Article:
DFM defects in ap mutants can be rescued by muscle-specific expression of ap
We attempted rescue of DFM mutant phenotypes by expressing ap selectively in the mesoderm in a viable ap mutant background. ap was expressed in the developing adult muscles of ap4 homozygous animals using the GAL4/UAS system (Brand and Perrimon, 1993). We used the 1151 GAL4 driver, which shows reporter gene expression in all disc associated myoblasts until adult muscle differentiation (Roy et al, 1997; Roy and VijayRaghavan, 1997, 1998; Anant et al., 1998). A significant rescue of the DFM phenotypes in ap mutants was seen (compare Fig. 6A-C). While 68% (n=63) of mutant hemithoraces showed DFMs with different degrees of disorganisation, only 6% (n=18) of the rescued progeny showed disorganised hemithoraces. There was no corresponding rescue of the IFM phenotype (data not shown).
A large number of rescued progeny showed a single large muscle mass instead of four discrete fibres (Fig. 6C). This was noticed in 16/18 hemithoraces of the rescue progeny and 11/63 mutant hemitoraces analysed. We observed a similar phenomenon in the epidermal rescue experiment (described later). Our results strongly suggest that ap functions autonomously in DFM development.
IFM defects in ap mutants can be rescued by epidermal expression of an ap transgene
We provided ap epidermally in the ap4 mutant background using the pannier (pnr) GAL4 driver. pnr is expressed in dorsal cells of the presumptive notum on the disc (Calleja et al., 1996) and the adult expression continues in the same region of the dorsal notum. No mesodermal expression is observed (A. G. and K. V. R., unpublished observations). pnr is also required for normal fusion of the two heminota – high levels of ap produced at 25°C, in the midline, caused a mid-notal cleft and IFM abnormalities (data not shown). To circumvent this and still produce ap in sufficient amounts to mediate a rescue, animals were shifted to 18°C during second instar stages. This resulted in eclosion of flies with a normal notum that could be screened for rescue. We screened the DLMs for morphology and muscle size.
There is a significant rescue of the DLM defects in ap mutants upon epidermal expression of ap (Fig. 6F), while DFM fibres continued to remain disorganised (data not shown). There is also a very striking restoration of muscle size (Fig. 6F). A sizeable population of rescued progeny shows DLMs arranged in one large mass instead of clearly separated fibres.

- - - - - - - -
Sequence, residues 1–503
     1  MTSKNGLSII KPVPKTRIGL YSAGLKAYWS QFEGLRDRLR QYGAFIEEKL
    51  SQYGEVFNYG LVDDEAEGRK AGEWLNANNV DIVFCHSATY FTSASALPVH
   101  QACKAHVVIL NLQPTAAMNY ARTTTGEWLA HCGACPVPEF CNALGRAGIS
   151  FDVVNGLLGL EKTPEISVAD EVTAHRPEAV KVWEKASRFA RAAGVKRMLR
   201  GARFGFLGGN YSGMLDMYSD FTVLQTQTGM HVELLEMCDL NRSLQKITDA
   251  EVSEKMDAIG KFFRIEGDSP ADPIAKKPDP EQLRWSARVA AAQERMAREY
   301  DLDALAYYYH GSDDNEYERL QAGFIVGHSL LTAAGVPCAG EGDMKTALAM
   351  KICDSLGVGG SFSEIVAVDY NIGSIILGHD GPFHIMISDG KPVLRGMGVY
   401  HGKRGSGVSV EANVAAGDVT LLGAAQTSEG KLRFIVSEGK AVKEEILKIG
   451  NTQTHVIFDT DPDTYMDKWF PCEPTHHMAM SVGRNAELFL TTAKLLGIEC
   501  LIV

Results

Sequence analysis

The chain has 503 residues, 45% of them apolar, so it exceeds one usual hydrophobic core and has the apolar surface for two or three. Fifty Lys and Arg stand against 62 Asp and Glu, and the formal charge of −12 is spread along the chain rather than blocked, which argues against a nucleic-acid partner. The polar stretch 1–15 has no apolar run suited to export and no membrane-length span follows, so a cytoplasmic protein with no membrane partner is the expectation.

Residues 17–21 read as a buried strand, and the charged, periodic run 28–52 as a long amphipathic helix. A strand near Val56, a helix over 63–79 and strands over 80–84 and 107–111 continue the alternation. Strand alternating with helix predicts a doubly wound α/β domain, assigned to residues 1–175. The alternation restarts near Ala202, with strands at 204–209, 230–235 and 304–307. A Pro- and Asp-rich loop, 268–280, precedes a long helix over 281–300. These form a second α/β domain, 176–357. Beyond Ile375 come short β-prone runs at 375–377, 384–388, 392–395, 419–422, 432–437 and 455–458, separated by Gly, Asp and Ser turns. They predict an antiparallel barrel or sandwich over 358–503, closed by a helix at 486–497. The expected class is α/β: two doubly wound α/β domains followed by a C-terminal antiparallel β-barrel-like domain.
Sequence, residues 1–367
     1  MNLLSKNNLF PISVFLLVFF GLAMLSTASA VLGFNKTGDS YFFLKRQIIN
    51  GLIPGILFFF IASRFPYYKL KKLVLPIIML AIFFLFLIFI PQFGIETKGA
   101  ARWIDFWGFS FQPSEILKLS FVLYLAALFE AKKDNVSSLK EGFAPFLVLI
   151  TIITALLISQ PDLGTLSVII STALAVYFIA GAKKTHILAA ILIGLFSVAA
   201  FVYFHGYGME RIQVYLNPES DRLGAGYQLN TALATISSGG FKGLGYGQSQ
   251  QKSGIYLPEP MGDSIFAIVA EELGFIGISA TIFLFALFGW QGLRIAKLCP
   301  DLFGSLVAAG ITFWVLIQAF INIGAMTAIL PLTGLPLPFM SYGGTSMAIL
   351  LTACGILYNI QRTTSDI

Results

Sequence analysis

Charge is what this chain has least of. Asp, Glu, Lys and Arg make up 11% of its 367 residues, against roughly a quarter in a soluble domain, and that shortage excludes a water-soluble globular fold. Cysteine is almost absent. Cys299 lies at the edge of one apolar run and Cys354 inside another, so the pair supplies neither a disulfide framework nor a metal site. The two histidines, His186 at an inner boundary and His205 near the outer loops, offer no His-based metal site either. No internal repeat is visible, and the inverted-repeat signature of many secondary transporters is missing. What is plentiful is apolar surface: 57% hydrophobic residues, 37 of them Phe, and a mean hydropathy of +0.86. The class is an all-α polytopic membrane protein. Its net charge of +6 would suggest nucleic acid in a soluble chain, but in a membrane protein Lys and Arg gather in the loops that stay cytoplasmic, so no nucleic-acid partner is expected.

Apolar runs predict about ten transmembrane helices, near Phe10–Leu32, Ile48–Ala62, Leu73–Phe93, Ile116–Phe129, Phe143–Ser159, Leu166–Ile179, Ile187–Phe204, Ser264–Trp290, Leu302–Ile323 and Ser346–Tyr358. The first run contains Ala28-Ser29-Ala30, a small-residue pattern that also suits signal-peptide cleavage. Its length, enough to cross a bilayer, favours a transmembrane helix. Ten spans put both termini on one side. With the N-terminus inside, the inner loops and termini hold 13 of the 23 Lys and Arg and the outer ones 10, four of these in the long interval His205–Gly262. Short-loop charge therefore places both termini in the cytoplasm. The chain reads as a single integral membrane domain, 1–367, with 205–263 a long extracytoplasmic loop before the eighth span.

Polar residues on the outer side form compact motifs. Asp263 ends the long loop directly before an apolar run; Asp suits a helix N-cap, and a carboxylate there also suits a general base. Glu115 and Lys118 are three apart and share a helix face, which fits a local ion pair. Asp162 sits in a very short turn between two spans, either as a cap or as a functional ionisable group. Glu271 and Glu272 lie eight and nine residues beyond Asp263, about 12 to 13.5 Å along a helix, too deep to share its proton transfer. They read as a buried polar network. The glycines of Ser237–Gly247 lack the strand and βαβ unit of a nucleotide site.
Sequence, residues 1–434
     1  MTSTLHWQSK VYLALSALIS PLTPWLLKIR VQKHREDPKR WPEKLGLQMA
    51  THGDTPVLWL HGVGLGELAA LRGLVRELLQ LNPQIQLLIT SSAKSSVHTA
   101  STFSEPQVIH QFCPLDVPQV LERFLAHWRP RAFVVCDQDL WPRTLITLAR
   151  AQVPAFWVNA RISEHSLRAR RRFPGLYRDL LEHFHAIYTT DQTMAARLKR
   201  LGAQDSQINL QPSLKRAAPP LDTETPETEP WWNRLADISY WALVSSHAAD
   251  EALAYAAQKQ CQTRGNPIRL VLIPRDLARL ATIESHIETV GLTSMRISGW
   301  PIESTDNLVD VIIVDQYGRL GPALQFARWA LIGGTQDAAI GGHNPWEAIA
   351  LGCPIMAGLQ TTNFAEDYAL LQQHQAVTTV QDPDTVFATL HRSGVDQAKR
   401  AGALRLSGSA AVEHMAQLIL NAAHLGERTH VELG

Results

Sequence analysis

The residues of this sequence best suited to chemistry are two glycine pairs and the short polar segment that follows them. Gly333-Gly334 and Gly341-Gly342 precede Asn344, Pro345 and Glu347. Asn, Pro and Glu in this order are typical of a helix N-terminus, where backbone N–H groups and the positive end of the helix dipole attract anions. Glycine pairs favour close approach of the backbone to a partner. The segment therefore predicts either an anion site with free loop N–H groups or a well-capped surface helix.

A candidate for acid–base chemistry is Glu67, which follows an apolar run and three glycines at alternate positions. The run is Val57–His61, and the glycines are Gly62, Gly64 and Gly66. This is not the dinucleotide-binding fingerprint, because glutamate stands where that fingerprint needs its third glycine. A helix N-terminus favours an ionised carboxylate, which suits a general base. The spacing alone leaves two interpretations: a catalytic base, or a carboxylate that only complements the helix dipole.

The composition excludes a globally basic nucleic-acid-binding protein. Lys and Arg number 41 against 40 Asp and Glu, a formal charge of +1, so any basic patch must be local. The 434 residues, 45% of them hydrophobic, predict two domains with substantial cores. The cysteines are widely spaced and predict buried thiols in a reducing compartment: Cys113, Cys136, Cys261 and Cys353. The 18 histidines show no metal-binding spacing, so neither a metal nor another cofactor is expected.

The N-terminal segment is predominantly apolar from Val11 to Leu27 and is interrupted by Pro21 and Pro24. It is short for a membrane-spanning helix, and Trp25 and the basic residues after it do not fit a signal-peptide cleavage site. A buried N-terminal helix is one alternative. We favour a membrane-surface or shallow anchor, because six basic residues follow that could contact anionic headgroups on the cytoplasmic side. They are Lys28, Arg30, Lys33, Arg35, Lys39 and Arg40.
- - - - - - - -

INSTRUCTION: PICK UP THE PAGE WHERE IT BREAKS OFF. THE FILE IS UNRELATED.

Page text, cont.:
While 17% (n=60) mutants showed normal DLMs, 80% (n=45) of the rescued progeny had normal DLMs. 89% (n=45) of rescued progeny showed normal muscle size while this category was restricted to 27% (n=60) in mutants. These results substantiated the epidermal requirement of ap for patterning IFMs.
Ectopic expression of ap in the IFMs disrupts their differentiation
We examined the effects of misexpression of ap in IFM development using the 1151 GAL4 driver. IFM differentiation was assayed using an IFM specific Actin (88F) lacZ marker (Hiromi et al., 1986; Fernandes et al., 1991). When wild-type ap was expressed under control of 1151, the DLM templates showed either an absence of splitting or a delay. Fig. 7B shows a 15 hours APF pupa with obvious signs of degeneration (muscle clusters into a clump: compare with three normal long fibres in wild type control of same stage in Fig. 7A). Where splitting did occur, there was a marked lowering of the levels of IFM Actin staining as seen in Fig. 7D (compare with Fig. 7C). These phenotypes were seen most strongly when flies were transferred to 29°C.
ap in the epidermis is required for regulation of sr, an early marker for attachment sites
Expression of ap in epidermal attachment sites of muscles and the phenotypes noticed in ap mutants suggested a regulatory role for the gene in the development of muscle attachment sites. We chose stripe (sr), the earliest known marker for epidermal attachment sites, as a potential target for regulation by ap in mediating its epidermal function and examined its expression in wing discs of ap4 homozygotes. sr encodes a zinc finger-containing DNA-binding protein, a member of the vertebrate early growth response (Egr) family of transcription factors and is crucial for differentiation of epidermal cells into muscle-attached tendon cells (Lee et al., 1995; Frommer et al., 1997; Vorbruggen and Jackle, 1997; Becker et al., 1997). sr is expressed in discrete domains in the wing disc (Fig. 8A), which will form the attachment sites of adult thoracic muscles (Fernandes et al., 1996). sr expression in the disc commences very late in third larval instar (A. G. and K. V. R., unpublished observations) and is consistently seen as pupation is initiated. Hence the 0 hours APF white prepupal stage was chosen for examination of sr expression in ap mutants. sr expression was either completely lost or drastically reduced in ap4 wing discs (Fig. 8B). Animals that reached pupal stages showed severe reduction in sr levels (compare Fig. 8D with wild-type control in 8C).